Fox Hunting Life with Horse and Hound

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The Dawgs of Dixie

willie poole.jim atkins.leesDouglas Lees photo

In 1989, ghosts of the Great Hound Match of 1905 were awakened from their long slumber in the Piedmont Fox Hounds country of Virginia when Ben Hardaway, MFH of the Midland Fox Hounds (GA), brought his pack of Crossbreds (English crosses on American July bloodlines) to duel on alternating hunting days with Piedmont’s pack of Crossbreds (English crosses on old Virginia bloodlines).

Piedmont huntsman Jim Atkins (right), who passed away just this year, hunted the home pack. The colorful author/journalist Willy Poole (left) came from England to cover the match for the Daily Telegraph, whose weekend headline proclaimed, “Let Slip the Dixie Dawgs of War!”

Poole was awarded the O.B.E. by his queen for services to journalism and rural affairs in 2001. Three years later the Hunting Act was passed banning foxhunting in England, and Poole, who always marched to his own drummer, protested in his own way by moving to Normandy.

Posted October 13, 2013

Foxhunter/Patriot to Be Honored in Bronze

jonas cattellJonas Cattell from "Memoirs of the Gloucester Foxhunting Club" by William Milnor, Jr., Philadelphia, 1830Jonas Cattell, foxhunter and revolutionary hero, will be honored with a seven-foot bronze statue to be erected in Haddonfield, New Jersey. We foxhunters know about Cattell’s exploits in the hunting field thanks to Alexander Mackay-Smith’s classic book, The American Foxhound: 1747–1967, but I never knew about Cattell’s heroism during the American Revolution. He turned the misfortune of his arrest by Hessian mercenaries into advantage for the Colonial cause.

Cattell whipped-in for the Gloucester Foxhunting Club, the first organized foxhunting club in North America. It was founded in 1766 by a group of Philadelphia gentlemen and named for Gloucester County, New Jersey, directly across the Delaware River. According to Mackay-Smith, quoting Clifton Lisle describing their sport, “When Cupid, the huntsman who succeeded Old Natty, was in the saddle with Jonas Cattell whipping-in to him, amazing runs were made.”

“In 1798, for example, one is recorded that went to Salem, a distance of forty miles by the map from find to kill. Another ended on the ice of the Delaware, a Jersey fox crossing it with fifteen couple of hounds not a hundred yards from his brush—to be rolled over just short of the Jersey shore. Robert Wharton, president of the club at that time, was the first man up, next to Jonas Cattell, the whipper-in, who had crossed the river on foot.”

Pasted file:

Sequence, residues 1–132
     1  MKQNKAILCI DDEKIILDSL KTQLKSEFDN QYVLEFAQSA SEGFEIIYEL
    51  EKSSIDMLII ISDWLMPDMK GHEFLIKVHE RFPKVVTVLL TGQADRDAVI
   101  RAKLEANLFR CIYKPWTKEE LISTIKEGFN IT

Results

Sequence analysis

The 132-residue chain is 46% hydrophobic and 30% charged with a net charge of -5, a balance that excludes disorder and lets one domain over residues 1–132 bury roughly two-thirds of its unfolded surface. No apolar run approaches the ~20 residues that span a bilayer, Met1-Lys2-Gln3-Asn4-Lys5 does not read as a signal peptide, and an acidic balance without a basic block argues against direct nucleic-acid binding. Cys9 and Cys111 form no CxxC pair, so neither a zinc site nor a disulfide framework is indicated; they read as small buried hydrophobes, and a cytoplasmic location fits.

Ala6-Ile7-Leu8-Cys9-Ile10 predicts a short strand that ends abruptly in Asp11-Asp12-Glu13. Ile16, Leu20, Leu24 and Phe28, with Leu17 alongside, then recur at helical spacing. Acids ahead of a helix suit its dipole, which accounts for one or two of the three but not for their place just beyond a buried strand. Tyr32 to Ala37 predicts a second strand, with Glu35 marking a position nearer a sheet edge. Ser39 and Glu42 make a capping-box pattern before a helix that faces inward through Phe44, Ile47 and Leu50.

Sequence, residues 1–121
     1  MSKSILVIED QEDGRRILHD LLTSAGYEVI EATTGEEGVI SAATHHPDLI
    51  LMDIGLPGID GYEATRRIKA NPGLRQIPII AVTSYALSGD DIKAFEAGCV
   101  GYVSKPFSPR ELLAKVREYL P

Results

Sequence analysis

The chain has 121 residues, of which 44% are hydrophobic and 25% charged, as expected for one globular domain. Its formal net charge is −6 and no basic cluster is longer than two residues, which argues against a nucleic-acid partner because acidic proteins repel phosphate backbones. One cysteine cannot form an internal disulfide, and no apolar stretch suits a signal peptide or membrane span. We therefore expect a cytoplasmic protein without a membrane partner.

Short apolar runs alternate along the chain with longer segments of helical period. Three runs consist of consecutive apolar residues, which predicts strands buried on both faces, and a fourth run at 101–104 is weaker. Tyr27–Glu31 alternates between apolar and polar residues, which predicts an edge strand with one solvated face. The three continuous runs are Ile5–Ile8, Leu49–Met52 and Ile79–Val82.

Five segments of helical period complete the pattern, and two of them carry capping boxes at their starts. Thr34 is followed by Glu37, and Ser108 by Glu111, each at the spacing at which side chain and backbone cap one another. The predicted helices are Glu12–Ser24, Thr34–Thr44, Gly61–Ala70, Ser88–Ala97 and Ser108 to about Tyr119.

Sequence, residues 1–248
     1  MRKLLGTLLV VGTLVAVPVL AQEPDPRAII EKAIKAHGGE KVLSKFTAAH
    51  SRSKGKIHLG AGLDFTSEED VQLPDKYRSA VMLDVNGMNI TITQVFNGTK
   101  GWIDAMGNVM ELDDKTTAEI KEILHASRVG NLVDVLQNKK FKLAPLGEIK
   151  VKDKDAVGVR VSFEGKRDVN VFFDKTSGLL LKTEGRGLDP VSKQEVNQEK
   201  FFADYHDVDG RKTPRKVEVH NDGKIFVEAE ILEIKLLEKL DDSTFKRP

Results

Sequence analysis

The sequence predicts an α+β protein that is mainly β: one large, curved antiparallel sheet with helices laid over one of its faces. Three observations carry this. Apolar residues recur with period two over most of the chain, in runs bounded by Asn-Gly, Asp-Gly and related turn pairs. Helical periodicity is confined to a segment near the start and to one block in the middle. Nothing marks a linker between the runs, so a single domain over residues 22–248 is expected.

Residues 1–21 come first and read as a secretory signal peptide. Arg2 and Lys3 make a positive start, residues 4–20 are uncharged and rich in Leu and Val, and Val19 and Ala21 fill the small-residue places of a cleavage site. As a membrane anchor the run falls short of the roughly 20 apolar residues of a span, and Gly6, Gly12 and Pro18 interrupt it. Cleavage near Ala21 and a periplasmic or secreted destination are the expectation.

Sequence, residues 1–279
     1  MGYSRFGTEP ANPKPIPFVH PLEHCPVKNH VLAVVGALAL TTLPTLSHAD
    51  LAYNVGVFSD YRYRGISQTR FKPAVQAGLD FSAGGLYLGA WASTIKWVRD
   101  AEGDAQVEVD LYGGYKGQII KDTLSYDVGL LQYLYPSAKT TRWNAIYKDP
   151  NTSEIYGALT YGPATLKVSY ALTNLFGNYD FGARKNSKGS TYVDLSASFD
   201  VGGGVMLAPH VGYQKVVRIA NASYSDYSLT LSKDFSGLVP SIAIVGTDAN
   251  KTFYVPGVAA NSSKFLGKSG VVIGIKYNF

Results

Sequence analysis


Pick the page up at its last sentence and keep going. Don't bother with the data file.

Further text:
Eddie Arcaro Goes Foxhunting

eddie arcaroHall of Fame jockey Eddie ArcaroEddie Arcaro (1916–1997) is regarded by many as the greatest jockey in the history of American Thoroughbred racing. He tallied more wins in classic stakes races than any other jockey and is the only jock to have won the Triple Crown twice—Whirlaway (1941) and Citation (1948). He has the most wins of any jockey in the Belmont (six) and the Preakness (six) and is tied with Bill Hartack for Kentucky Derby wins (five). He won 4,779 of his 24,092 races and earned a record setting $30 million in purses.

On November 23, 1954 Arcaro experienced his first foxhunt when he appeared at a meet of the Piedmont Fox Hounds in Philomont, Virginia, as reported by Liz Smith in Sports Illustrated’s December 27 issue of that year:

The Fell Foxes of Dove Crag

dove crag 1Dove Crag in the rugged Lake District of Cumbria, England

A sheep trod wove its way up the steep fell side, gaining height with an ease unmatched by any route a human could devise. Following it and climbing all the time I skirted small outcrops of rock, crossed a stream full of melt-snow water at the best point to do so, and finally arrived on the ridge. Stopping to catch my breath, for although the route to a sheep would have been easy this human was very unfit, I gazed at the view in front of me. My horizon was filled with snow covered peaks under a bright blue sky. Warm sunlight bathed the ridge and gave a small crag to my left a sharpness normally unseen.

The Coniston foxhounds had disappeared to god knows where, and had been gone for some time. I’d watched them climb the fell side I now stood on. It had been a beautiful sight as they climbed, in a line, like as someone put it “a hound trail.” Their music had carried down the valley, growing fainter as they crested the ridge and then as they dropped into the next valley it disappeared altogether, leaving an eerie silence.